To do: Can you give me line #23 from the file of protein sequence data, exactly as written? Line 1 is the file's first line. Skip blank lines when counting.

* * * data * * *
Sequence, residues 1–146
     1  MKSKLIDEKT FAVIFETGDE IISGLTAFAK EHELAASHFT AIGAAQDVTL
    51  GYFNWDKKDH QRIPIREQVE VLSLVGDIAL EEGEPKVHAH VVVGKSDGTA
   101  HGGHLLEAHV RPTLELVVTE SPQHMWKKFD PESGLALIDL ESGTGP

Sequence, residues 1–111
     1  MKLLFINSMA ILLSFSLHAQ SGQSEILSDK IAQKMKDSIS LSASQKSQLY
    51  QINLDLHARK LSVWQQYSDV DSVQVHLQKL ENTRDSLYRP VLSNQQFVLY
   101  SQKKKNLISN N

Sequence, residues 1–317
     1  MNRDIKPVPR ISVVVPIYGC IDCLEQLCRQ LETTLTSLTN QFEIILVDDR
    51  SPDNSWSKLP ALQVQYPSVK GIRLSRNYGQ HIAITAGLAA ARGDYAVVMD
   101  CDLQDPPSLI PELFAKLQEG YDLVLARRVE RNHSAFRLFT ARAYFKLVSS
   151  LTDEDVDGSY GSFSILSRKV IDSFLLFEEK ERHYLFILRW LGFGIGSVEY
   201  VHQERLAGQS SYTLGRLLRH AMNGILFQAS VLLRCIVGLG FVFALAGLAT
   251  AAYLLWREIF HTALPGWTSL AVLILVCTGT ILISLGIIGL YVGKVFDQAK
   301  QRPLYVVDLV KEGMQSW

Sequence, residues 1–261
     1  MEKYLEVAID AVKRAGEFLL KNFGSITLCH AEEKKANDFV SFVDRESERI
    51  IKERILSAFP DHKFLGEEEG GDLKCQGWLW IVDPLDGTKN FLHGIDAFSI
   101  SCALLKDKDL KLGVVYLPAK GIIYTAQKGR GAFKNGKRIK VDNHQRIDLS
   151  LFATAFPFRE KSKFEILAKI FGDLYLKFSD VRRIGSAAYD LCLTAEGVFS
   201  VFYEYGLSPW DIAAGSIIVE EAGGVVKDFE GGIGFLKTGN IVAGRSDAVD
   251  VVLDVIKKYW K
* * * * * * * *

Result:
   251  VVLDVIKKYW K